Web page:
Our state, North Carolina, has adopted Complete Streets, and I don’t see much practice of that in our neck of the woods. At the top level, they totally get it, but the culture hasn’t changed in the departments. It’s still a bunch of engineers who think in engineering sorts of ways.
Title 23 is the law that the feds created to create MPOs – it requires multi-modal Complete Streets – and yet the MPO budgets don’t reflect the law.
When a WalMart comes in, they have a whole real estate department, and they can tell a better story to our politicians than our planning staff can — or is allowed to. We have to change that. If the argument is financial, then planners need to understand and use finance.
We’ve built systems where the majority of our population is now suburban. Those people aren’t paying their portion of the real cost of the system they require. We’re getting this transference through the government to try to cover their costs. And without new growth bridging the gap, we’re seeing a major shortfall.
The states and the feds had their heart attacks last year, because their revenues are hooked to income and sales tax. Local governments are having their heart attacks now, because property tax lags the market cycle by 18 to 24 months.
We’ve programmed ourselves that we can’t raise taxes, but neither can we pay for the services that we provide to low density development. Policy dictates that there be get a rational nexus between the cost of the municipal services and the taxes paid, yet our appraisal standards make us do the opposite – letting the biggest infrastructure consumers pay the lowest tax burden.
We need to look at land as a product. How we develop land should be guided by what it can produce. Just like a farmer looks as his land and crop yield — what’s our tax yield?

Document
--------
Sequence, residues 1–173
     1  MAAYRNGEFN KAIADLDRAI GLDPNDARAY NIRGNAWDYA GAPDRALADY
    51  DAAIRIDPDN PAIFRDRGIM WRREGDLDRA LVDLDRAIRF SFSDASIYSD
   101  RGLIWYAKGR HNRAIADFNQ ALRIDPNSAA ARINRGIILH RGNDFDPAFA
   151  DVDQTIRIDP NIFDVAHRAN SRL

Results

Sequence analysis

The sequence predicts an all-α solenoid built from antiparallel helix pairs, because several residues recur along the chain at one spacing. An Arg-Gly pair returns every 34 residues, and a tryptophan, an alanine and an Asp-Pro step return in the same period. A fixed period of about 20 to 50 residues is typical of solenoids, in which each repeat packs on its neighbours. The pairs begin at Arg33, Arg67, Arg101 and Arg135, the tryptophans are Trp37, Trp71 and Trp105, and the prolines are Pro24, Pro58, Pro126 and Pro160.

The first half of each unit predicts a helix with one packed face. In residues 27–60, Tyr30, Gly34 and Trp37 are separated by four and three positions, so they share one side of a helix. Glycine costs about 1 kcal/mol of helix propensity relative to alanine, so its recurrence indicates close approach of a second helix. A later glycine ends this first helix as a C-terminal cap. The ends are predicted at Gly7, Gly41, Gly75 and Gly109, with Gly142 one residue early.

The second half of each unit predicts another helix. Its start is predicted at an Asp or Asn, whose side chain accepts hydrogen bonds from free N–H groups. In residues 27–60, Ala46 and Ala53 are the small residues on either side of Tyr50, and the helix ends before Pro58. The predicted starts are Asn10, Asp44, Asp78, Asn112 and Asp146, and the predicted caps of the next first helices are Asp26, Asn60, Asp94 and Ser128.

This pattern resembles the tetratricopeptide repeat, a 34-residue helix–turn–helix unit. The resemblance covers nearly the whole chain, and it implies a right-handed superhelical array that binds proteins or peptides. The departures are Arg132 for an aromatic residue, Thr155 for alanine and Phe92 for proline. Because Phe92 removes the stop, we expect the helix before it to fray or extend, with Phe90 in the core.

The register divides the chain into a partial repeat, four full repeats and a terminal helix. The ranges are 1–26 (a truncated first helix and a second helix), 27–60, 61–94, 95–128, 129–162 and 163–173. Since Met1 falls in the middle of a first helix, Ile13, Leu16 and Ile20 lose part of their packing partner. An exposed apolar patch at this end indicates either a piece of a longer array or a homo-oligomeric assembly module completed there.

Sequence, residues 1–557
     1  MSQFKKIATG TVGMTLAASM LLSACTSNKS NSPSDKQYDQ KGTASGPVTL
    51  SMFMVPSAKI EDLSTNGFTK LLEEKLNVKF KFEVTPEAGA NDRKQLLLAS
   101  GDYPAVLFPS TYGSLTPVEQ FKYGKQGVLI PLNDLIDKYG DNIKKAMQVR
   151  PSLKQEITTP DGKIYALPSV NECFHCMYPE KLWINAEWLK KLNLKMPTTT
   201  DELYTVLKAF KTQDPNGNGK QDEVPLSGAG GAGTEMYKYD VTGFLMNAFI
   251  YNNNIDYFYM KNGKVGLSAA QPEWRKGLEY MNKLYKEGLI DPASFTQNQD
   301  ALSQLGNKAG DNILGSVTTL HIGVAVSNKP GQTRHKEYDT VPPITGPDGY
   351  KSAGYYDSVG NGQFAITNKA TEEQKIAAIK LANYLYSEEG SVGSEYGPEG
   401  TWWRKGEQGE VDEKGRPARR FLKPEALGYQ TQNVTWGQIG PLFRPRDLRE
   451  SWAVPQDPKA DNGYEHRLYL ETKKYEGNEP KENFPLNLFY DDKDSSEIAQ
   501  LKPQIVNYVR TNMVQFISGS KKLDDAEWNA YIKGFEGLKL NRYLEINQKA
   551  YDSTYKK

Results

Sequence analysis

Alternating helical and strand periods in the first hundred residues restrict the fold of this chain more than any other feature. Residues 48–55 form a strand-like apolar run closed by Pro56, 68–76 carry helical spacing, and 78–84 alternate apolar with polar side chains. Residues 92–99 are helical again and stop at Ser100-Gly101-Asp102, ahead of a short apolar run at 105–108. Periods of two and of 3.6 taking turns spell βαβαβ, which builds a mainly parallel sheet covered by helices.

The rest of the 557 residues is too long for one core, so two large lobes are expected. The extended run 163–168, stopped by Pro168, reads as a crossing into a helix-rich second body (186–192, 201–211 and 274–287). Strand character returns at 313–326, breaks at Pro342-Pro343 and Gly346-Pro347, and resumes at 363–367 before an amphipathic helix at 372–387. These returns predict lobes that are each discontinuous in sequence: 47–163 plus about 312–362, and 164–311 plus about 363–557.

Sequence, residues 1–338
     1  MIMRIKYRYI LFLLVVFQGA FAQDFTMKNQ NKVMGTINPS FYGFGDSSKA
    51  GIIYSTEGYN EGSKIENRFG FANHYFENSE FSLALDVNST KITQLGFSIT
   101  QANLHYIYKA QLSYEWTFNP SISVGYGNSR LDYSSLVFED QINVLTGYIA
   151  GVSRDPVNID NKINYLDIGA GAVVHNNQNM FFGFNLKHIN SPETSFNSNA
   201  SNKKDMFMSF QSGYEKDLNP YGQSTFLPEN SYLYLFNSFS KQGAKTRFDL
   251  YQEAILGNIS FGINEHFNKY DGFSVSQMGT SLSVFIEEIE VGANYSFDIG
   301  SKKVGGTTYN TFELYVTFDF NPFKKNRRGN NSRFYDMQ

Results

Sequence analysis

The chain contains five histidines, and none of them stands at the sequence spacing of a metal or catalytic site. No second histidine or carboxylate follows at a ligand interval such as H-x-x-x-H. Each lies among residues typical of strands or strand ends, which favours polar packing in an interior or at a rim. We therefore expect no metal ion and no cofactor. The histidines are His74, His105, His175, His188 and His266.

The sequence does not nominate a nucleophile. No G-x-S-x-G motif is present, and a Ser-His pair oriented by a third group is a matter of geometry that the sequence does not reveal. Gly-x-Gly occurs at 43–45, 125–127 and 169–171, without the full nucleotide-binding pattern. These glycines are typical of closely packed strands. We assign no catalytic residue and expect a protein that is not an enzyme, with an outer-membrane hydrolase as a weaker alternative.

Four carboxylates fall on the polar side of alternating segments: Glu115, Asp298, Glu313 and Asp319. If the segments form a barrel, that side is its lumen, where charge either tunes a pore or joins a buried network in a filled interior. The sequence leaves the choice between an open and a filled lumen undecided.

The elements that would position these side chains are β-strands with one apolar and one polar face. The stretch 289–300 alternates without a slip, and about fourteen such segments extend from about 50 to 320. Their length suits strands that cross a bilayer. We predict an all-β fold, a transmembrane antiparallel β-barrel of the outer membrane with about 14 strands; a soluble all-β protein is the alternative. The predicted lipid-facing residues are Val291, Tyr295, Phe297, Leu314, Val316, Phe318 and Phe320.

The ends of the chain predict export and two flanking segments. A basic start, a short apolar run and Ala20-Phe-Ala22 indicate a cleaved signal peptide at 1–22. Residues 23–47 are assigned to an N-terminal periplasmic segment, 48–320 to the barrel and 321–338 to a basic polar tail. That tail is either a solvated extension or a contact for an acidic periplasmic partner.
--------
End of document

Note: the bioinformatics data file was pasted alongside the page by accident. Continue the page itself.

There’s an opportunity cost to each WalMart we build. For Asheville, it’s over half a downtown of opportunity. For Florence, it’s the renaissance core. And yet there are huge tax incentives to build big box, without generating revenue to the government.
There’s an accountability that needs to come home. We’re getting what we incentivize. Some would call that democracy, but it’s also bad business.
It’s up to local planners and officials to understand that local policies are facilitating local financial collapse. It’s locally created and it can be locally changed.
So what are we talking about? Right now, we often incentivize what we don’t want – sprawling, auto-centric placelessness. How do we start to incentivize what we do want – walkable, complete, convivial neighborhoods?
How do we get there from here? Change our zoning laws to encourage sustainable development patterns. Change our transportation planning to retrofit poor economic performers, poor environmental performers, poor societal performers. And maybe even change our property tax methods of calculation.
Which brings us back to James Cameron, who conceived the Terminator to begin with and who has proven himself remarkably adept at leveraging available sources of money to innovate towards new ways of doing things. According to Cameron, we’ll make all the decisions in the next decade that will determine whether or not we survive as a species.
No small challenge. But regardless of your personal beliefs about what that might mean, there’s no debating that livable places require change from our current business as usual practices.
A plethora of resources and support groups are champions of the cause. And are making it work, with or without federal dollars. Transect Codes Council. Form Based Codes Institute. The Code Study. Congress for the New Urbanism. New Partners for Smart Growth. Reconnecting America. Transportation for America. Urban Land Institute. US EPA Smart Growth. Smart Growth America. CEOs for Cities. New Urban Network. Original Green. Planetizen.